After waving to her mom from the window, Koren turned to find Mrs. Núñez scowling. Her wrinkled, leathery face was twisted into a frown. “Spoiled girl. You don’t need television. You need work.”

“I do chores!” the little girl insisted. “I clean my room, and I put stuff in the dishwasher, and I help my mom fold the clothes. I get an allowance and everything. I’m not spoiled. And,” she added, feeling huffy and annoyed, “At least I can watch TV without crying about it like a big smelly baby.”

Letting out a long string of angry words in Spanish, the old woman ended by taking up the remote. She flipped on the television, turned to one of those dumb soap operas, and planted herself on the couch.

It didn’t matter what her mother had said, Koren realized. Mrs. Núñez  wasn’t going to give up the big television. Not now, not after dinner, not at all. She was going to fill the house with her stink and start crying and screaming at the people on the screen any minute now. And that would continue all night.

Turning on her heel, she all-but stomped out of the room. This wasn’t fair. Why couldn’t her parents see that they didn’t need to leave Mrs. Núñez with her? She always took care of herself while the woman was supposed to be watching her anyway. She made her own food, cleaned herself up, even put herself in bed (Okay, usually later than she was supposed to, but still). She didn’t need the old stinky woman.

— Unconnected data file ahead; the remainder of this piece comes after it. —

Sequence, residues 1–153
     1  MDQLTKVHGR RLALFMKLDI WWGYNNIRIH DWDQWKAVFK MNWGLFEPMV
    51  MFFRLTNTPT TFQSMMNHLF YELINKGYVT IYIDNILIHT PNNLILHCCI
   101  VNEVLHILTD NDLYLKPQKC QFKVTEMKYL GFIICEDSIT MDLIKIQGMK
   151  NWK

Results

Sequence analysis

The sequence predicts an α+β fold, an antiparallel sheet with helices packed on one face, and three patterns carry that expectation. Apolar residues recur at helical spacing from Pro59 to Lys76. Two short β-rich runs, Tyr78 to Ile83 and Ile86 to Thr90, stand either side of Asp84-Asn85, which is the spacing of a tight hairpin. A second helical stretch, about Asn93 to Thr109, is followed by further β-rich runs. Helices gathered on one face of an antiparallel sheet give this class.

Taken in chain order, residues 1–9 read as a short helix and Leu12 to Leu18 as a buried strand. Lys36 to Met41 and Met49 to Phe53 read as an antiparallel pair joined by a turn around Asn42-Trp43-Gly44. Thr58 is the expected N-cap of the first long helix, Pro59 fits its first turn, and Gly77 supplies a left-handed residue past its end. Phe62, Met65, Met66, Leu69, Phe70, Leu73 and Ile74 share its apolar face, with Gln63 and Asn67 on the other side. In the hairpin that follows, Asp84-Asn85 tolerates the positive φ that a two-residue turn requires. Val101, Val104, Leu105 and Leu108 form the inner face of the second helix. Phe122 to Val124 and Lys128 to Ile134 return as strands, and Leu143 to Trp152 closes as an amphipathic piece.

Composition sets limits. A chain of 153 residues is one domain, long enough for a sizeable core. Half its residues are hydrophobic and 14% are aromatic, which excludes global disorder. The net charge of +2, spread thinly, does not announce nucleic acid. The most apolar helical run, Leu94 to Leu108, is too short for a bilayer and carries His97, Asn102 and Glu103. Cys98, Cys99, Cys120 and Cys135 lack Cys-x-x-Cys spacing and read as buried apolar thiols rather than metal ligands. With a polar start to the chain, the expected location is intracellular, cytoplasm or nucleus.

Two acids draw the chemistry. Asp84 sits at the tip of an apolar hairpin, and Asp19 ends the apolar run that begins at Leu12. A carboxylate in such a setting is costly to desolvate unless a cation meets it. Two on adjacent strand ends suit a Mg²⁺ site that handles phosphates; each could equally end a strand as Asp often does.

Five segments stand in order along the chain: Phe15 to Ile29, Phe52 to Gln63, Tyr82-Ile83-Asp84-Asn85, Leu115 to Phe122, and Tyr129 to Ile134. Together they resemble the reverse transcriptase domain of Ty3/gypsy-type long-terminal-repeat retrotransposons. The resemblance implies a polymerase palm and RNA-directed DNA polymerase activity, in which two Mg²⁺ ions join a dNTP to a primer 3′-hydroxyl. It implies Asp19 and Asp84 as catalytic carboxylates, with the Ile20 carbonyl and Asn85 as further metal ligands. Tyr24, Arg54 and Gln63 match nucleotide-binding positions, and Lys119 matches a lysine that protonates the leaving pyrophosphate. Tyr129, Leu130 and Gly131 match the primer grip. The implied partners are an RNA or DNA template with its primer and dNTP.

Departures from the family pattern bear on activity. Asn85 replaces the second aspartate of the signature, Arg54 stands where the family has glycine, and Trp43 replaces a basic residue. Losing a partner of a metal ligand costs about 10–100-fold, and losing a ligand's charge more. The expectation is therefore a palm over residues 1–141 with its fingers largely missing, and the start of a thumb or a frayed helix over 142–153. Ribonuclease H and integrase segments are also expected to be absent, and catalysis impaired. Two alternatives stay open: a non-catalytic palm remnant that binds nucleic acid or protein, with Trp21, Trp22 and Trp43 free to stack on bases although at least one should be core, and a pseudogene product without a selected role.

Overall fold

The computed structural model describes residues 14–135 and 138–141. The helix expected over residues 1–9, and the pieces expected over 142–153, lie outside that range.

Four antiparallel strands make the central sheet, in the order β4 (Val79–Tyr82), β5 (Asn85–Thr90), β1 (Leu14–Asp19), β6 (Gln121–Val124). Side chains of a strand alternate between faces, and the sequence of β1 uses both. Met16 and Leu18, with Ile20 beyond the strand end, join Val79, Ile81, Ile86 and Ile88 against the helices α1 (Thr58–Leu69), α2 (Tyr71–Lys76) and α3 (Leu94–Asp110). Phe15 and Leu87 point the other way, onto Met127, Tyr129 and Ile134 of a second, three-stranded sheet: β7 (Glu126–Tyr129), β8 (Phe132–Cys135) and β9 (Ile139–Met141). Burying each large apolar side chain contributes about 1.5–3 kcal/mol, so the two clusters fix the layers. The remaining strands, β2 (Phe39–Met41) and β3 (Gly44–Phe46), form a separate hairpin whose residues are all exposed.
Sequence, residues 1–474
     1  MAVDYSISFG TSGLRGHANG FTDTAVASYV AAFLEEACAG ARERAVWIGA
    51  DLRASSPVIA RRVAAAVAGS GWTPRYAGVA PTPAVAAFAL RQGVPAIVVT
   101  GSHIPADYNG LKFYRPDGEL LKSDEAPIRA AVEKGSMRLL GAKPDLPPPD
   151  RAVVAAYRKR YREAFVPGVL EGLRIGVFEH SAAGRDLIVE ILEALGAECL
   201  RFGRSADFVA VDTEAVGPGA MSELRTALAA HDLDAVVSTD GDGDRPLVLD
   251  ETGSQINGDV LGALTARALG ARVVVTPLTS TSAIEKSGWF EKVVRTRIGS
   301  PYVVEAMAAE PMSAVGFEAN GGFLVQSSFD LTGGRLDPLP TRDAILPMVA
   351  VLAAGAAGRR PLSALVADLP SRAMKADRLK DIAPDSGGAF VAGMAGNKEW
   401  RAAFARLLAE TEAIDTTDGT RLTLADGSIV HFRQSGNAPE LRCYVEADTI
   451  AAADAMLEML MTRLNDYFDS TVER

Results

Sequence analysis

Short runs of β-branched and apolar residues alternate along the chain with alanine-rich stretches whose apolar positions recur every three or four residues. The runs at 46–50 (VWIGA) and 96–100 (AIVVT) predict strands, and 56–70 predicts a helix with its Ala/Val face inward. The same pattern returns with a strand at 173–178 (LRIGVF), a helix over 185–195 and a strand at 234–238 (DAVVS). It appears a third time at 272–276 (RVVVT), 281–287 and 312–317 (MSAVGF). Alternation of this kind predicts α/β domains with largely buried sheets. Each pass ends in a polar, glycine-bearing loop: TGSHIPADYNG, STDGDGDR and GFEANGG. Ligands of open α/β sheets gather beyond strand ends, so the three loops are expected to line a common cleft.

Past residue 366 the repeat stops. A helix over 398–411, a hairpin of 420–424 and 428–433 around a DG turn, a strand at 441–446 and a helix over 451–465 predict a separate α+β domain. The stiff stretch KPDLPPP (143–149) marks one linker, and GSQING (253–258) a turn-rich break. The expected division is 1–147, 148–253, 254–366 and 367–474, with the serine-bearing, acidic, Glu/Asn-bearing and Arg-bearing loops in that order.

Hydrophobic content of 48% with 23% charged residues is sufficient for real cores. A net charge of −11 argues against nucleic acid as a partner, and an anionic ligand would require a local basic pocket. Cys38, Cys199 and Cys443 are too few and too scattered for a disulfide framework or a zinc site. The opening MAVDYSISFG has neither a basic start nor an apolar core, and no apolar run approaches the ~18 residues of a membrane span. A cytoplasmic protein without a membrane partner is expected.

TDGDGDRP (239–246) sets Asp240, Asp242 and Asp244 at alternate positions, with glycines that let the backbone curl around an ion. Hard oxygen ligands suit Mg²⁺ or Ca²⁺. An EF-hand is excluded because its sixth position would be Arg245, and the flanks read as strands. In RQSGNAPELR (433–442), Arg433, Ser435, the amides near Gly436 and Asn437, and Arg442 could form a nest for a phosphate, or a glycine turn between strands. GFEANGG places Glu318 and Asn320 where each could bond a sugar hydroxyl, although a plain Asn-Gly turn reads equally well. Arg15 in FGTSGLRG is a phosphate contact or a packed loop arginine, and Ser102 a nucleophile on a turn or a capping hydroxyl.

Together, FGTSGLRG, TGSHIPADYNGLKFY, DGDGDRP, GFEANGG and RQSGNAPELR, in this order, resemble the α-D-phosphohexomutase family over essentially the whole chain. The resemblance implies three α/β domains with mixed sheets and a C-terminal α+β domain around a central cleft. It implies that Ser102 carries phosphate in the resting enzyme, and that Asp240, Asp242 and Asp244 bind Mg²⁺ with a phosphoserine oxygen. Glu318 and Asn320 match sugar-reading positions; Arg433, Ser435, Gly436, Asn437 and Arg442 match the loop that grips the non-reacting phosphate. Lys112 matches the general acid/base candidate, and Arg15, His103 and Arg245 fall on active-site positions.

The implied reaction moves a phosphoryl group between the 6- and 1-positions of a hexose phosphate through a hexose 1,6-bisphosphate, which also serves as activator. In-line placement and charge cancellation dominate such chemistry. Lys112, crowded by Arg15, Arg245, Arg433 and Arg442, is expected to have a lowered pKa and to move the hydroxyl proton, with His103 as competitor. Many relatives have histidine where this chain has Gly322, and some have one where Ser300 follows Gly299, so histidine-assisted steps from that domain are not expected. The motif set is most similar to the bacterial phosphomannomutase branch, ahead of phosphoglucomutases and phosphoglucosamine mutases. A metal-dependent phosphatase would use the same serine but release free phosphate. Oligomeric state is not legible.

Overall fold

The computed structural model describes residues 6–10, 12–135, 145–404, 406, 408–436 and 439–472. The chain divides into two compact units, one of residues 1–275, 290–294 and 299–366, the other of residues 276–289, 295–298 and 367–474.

Tonight was obviously going to be the dumbest, most boring night ever.

******

Scritch.

Koren’s eyes opened. The young girl blinked once before her vision adjusted enough to see the clock on her nearby nightstand. One in the morning. Why was she awake? Did she have to pee? No. Was she thirsty? Sort of, but not enough to wake up. She wasn’t too cold, and she didn’t have a tummy ache.

Scritch.

Her window. There was a noise coming from the window behind her. It sounded like something scratching against the glass. Koren rolled over in bed, peering that way. Thick curtains were drawn in front of the window, leaving it impossible to see what was brushing up against it. Maybe a tree had fallen over? A storm had knocked over a tree in her friend Leanna’s yard in the middle of the night once, and it had put a branch through Leanna’s window. There had been glass everywhere, and the other girl’s mother had taken the furniture out so she could wash and vacuum the whole thing to make sure there weren’t any more pieces. Koren and Leanna had made a fort out of her toys in the hallway.

Scritch.